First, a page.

Happy Friday, everyone. Alex Scarbrough has an outstanding piece this morning on the Alabama QB battle.
In the end, Alabama lost a 48-45 shootout, but Jones proved something in the process. Call it confidence, moxie, fortitude. He definitely showed maturity. Any illusions about his ability were swept away each time he clawed his way back from a mistake. And his next time out, when he threw for 327 yards, three touchdowns and no interceptions in a dominant win over Michigan in the Citrus Bowl, he hammered the point home that, yes, he belonged.
“I learned a lot from Tua,” Jones told reporters after putting an exclamation point on his season. “He still helps us out. But it is my team.”
That sounds like a great first chapter to a storybook career, right? The underrated benchwarmer is thrust into the spotlight and becomes a star. The problem? When Jones and Alabama made the return trip to campus, a precocious young quarterback was waiting for him. Bryce Young, a five-star phenom with Tua-level hype, had enrolled in school weeks earlier with no intention of waiting his turn.
We all assume, and are likely correct in doing so, that Mac Jones is going to be the starting QB and eat up all of the non-garbage time reps, but none of us are at practice. Young getting on the field early in the season seems inevitable, but as Scarbrough pointed out there are no early season cupcakes this year to break in a newbie. Back in 2017, Saban emphatically stated that Jalen Hurts was the starting QB in the preseason. Will he do the same for Mac before the opener this season?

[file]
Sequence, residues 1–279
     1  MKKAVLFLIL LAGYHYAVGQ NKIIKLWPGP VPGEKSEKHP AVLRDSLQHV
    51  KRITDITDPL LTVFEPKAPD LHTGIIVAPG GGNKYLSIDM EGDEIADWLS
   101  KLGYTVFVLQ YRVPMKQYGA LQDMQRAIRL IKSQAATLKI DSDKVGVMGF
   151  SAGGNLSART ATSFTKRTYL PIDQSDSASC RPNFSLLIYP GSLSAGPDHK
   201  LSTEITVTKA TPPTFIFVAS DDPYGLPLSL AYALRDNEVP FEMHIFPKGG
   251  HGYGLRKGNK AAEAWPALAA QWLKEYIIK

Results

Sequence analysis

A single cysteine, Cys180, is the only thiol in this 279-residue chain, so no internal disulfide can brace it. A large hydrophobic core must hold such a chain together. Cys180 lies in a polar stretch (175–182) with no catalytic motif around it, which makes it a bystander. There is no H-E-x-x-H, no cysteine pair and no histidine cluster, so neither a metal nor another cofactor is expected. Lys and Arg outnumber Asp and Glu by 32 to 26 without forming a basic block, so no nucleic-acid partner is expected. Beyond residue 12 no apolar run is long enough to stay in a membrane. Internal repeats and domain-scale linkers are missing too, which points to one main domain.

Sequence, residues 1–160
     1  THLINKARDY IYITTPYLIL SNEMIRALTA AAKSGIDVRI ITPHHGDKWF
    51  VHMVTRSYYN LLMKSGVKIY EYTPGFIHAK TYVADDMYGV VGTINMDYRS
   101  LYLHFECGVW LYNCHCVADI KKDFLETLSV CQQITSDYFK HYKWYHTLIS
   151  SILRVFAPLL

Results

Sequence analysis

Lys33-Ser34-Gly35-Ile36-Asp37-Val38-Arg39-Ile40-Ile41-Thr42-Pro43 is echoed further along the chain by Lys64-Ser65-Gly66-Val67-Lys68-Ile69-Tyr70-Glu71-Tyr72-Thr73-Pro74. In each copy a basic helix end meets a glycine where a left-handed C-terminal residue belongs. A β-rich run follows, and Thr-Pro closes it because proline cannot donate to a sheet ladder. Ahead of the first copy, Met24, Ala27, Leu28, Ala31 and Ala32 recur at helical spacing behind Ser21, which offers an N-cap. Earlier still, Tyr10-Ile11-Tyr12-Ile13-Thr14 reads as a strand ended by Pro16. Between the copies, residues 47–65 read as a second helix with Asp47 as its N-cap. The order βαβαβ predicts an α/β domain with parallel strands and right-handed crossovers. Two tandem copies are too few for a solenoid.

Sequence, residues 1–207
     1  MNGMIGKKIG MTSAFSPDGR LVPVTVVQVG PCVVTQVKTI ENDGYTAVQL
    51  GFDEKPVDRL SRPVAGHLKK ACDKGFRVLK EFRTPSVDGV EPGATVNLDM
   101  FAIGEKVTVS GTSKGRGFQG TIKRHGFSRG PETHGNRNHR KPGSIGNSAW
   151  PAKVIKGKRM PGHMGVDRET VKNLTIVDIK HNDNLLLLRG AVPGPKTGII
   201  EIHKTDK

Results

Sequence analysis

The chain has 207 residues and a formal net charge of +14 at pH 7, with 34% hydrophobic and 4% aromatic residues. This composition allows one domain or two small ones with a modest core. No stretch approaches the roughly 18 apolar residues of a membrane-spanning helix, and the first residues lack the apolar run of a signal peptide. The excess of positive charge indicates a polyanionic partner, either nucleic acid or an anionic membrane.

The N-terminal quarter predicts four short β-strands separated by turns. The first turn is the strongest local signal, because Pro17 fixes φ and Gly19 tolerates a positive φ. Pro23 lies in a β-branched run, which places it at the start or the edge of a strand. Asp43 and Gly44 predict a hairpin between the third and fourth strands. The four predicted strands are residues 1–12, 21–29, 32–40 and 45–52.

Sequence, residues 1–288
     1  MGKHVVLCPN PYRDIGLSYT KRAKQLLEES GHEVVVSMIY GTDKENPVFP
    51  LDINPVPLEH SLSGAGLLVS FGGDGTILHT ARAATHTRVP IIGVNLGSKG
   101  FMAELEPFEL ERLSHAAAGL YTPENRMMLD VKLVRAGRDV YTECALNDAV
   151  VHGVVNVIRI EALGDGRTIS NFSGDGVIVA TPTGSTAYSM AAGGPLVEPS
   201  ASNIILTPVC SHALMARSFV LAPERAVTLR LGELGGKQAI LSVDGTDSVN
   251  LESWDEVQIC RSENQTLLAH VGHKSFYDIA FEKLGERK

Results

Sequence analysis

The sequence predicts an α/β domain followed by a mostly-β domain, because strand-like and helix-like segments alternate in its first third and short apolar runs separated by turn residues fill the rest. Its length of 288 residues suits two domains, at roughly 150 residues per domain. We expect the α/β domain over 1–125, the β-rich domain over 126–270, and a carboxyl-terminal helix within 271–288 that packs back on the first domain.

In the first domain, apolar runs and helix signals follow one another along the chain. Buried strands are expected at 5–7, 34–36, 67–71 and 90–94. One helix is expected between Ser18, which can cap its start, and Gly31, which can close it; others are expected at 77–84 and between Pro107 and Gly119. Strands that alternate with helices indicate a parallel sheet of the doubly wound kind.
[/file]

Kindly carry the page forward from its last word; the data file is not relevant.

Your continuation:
Landon Dickerson was asked about the young defenders, and his reply impressed me.
“A lot of the young guys have been doing extremely well, especially the defensive front seven,” said offensive lineman Landon Dickerson on Thursday. “Will Anderson, terrific guy, great athlete. He’s done a lot of great things in practice. Tim Smith, extremely good person, great player. He’s giving good effort. (Jamil) Burroughs, (Jah-Marien) Latham, a lot of those young guys are really starting to get adjusted to college. It does take a little time.
“But I think now, they’ve kind of been in this system for a little bit. We’ve been practicing, and every day, they’ve come out giving good looks, great effort and I really appreciate that.”
I love the fact that he mentions the type of people they are before talking about their play, and focuses on effort. Great leadership from Landon here.
Josh McMillon says he will consider a seventh year.
He could’ve taken that mechanical engineering degree and moved on to lucrative employment. Instead, McMillion made a decision he would later say was easy.
“It was just a bad taste left in my mouth, from the past year,” he said. “Going 11-2, I don’t want to end my college career on a bad note like that. I don’t think anyone who came to the University of Alabama would want to end like this.”
And he might not be done after this fall, either. The NCAA is granting an extra year of eligibility to fall sports athletes playing through the pandemic, and McMillon told AL.com he’s keeping all options open for what would be a seventh season with the program.
“I mean, I want to make the best of all of my opportunities I have,” he said. “It’s definitely being taken into consideration.
He’s clearly a smart fellow. If he can stick around another year and add to his CV, why not?
I’ll leave that for y’all to discuss.
Last, Cade Mays got his waiver from the NCAA.
Mays, who played in all 14 games at Georgia last season before transferring in January, must still receive a waiver from the SEC to play for the Volunteers this season. He is an expected starter on Tennessee’s offensive line if he is eligible.
I guess it’s fair to say that, at this point, Cade and his dad have given UGA the finger.
That’s about it for today. Have a great weekend.